Farm planning - setting your vision for your land
Property plans can help you achieve your rural living goals by setting up the basis for efficient and sustainable property management.
This will help you to play a part in supporting a healthy landscape and prosperous region. Property plans take a whole-of property approach and are useful for both farmers and rural residential landholders.
There are a number of methods and documents that can help you to develop a property plan. The basic property plan guide below will help get you started.
Property plan guide
Obtain a good map of your property, one that is to a metric scale of a large enough size to clearly show the features of the property.
Aerial photographs are very useful, as well as surveyor’s boundary plans, topographic and cadastral plans.
You will need to identify the following:
- soil types and characteristics as well as areas of soil degradation
- areas of natural vegetation and vegetation type
- the presence of endangered species as appropriate
- streams, gullies, drainage lines and dams
- flood liable land
- water and shade areas for stock
- rock outcrops
- climate, rainfall and seasonality
- landscape types and physical features
- current land uses.
Carry out a SWOT (strengths, weaknesses, opportunities and threats) analysis, considering:
- the property’s strengths you can take advantage of e.g. areas of high quality soils
- the weaknesses that will need attention before they cause problems e.g. existing weed infested areas
- opportunities to develop resources further e.g. moving fence lines to improve management
- threats that could affect the property e.g. erosion.
On an overlay of your property map, illustrate the permanent features such as the property boundary, waterways, vegetation, structures, contours and land types (i.e. the most productive soils to the least).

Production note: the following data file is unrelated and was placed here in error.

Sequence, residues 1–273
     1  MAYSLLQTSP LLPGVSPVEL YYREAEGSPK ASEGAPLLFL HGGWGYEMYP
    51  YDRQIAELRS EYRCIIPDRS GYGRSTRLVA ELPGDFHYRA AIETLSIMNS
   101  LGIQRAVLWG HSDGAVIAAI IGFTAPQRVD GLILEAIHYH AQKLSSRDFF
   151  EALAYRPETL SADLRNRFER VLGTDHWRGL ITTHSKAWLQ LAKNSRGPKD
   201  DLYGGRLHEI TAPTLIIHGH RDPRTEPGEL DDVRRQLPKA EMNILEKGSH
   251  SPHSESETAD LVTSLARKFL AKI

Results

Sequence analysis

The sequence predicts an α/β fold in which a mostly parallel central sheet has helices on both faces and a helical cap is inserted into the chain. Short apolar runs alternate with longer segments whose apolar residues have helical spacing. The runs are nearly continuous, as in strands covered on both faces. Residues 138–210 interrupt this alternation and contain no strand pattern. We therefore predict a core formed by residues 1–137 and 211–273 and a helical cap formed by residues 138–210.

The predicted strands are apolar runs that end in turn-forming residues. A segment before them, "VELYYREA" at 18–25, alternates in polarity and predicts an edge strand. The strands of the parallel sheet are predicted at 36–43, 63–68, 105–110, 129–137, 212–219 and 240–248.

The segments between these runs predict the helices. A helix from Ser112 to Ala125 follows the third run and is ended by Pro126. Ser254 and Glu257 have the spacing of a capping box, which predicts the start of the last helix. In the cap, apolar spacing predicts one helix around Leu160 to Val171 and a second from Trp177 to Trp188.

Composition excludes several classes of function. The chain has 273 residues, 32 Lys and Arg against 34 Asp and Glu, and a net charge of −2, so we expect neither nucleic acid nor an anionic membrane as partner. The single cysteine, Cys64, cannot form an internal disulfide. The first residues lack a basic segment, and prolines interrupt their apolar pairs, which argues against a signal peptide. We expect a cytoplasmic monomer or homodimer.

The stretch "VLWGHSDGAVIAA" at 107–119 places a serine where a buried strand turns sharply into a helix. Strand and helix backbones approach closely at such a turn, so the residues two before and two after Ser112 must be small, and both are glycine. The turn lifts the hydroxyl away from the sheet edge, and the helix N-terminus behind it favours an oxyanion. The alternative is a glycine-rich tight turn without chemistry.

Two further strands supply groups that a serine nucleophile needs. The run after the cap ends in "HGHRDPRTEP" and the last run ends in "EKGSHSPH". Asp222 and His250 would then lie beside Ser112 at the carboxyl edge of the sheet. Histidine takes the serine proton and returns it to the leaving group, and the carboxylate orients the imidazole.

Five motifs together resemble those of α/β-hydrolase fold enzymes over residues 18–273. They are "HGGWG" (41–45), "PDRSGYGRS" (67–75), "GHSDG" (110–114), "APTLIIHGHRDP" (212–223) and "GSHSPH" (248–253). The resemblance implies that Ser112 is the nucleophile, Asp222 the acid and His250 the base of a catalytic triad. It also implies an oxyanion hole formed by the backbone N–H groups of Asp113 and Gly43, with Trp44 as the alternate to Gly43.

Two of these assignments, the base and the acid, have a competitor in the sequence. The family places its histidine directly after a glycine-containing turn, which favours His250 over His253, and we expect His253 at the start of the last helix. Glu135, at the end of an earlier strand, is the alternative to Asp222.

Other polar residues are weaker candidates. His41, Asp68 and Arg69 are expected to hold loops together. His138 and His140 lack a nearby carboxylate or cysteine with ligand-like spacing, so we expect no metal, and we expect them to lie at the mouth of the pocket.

Use this information as a base.
On another layer, sketch where features are wanted, e.g. fences, productive paddocks, shelter-belts, wildlife habitat areas, woodlots, dams, troughs, lanes and gates.
Rearranging fences according to land features can help you to use the land more efficiently.
Write notes about:
- proposed land use
- planning for houses, sheds, stockyards, windbreaks, dams, roads and fence alignments
- methods to control and prevent weeds and pest animals
- methods to sustain or improve water quality for stock and downstream users
- vegetation management including methods and timing of any proposed clearing for increased production or efficiency as well as revegetation in disturbed areas
- the frequency of planned harvests if your property has a Private Native Forestry plan or you are considering one
- wildlife management strategies
- methods to control stormwater and prevent erosion
- ways to reduce bushfire hazards, conserve soil and preserve trees
- options for treating and disposing of wastewater and rural rubbish
- legal and planning requirements
- methods to improve stock or alternative water sources for stock.
Use the information in this handbook to help you understand issues and best practices in these areas.
Use the map, your notes and information in this handbook to plan actions and prioritise them.
Constantly monitor, improve and reshape your goals as necessary
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